Director: Wes Anderson
Writers: Wes Anderson, Owen Wilson
Starring: Jason Schwartzman, Bill Murray
Wes Anderson makes his first appearance on my list with his 1998 film Rushmore. This is Anderson’s second feature film and the first one he did to really get promotion, thanks to a more recognizable cast and a higher-profile marketing campaign. Rushmore is a strange film, as is typical for Anderson, only, it is strange in a proper way. I will go more into Anderson’s style of filmmaking later but suffice it to say for now, if you have not seen a film by Wes Anderson, then you have not really seen anything like it.
Rushmore is the story of a super-intelligent teenager named Max Fisher (Schwartzman) who has a great deal of influence at an exclusive private academy called Rushmore. He is followed by his much younger protege who more or less acts as his secretary as he heads and organizes a bevy of time-consuming clubs. As a result of his devotion to extra-curricular activities, Max’s grades are suffering and he finds himself at odds with the headmaster, who places him on academic probation. Meanwhile, a beautiful young teacher named Ms. Cross becomes the target of Max’s affection, a crush that comes between him and his much older friend named Herman Blum (Murray), when she and Blum begin dating. The plot shifts to focus primarily on Fisher and Blum’s fight over Ms. Cross, which increases in desperation.
If the synopsis seems a little broad, that would be because it is a Wes Anderson film. Anderson’s stories are usually a series of layered plots that are intermingled with the film never focusing firmly on just one for too long. There is enough of an underlying focus for the story for there to actually be a movie, but it never becomes the center of the film, it is just there to tie together the various other subplots. Rushmore is a constant stream of sight gags and an odd awkwardness that may come off as ineptitude, until you actually watch the entire film. The strange pauses, fourth-wall-breaking montages and tone throughout the film all add up to a strange experience, but a funny one. Chances are, however, that if you do not like one Wes Anderson movie, you will probably dislike all of them, with the one exception of the more recent Moonrise Kingdom, which was an excellent movie, and a definite evolution for Anderson as a filmmaker.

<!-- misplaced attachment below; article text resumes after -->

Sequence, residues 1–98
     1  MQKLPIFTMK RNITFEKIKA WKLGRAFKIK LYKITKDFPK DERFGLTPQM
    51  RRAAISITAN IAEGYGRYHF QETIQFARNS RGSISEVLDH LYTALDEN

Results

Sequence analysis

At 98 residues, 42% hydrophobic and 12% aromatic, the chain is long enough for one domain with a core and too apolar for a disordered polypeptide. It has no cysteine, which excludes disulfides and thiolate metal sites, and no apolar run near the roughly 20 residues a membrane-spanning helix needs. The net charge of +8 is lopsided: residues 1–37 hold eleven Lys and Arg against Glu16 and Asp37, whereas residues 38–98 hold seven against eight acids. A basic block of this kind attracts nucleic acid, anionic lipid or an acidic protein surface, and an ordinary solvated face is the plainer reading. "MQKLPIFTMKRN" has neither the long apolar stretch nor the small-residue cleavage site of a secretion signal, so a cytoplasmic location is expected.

Rushmore is a funny, slightly disjointed and unhinged movie about teenage awkwardness and social standing and it challenges norms of filmmaking in just about every scene. Anderson has made it part of his style to break the established “rules” of direction, and what comes of it is both a funny film, and a unique artistic idea. All of his movies have a distinct palette as well, which further add to their identity. Anderson makes a distinct sharp yellow the chromatic focus of every scene, with browns and soft greens becoming compliments. These earth-tones are then contrasted with foreground elements like Max’s bright red beret. Another interesting trademark of Anderson is how he makes certain performances stand out in scenes by have them follow slightly more subdued acting from other lead characters. This makes some more dramatic scenes seem louder than they really are, giving the illusion of a heightened series of events, without ever breaking the sardonic feel of the movie.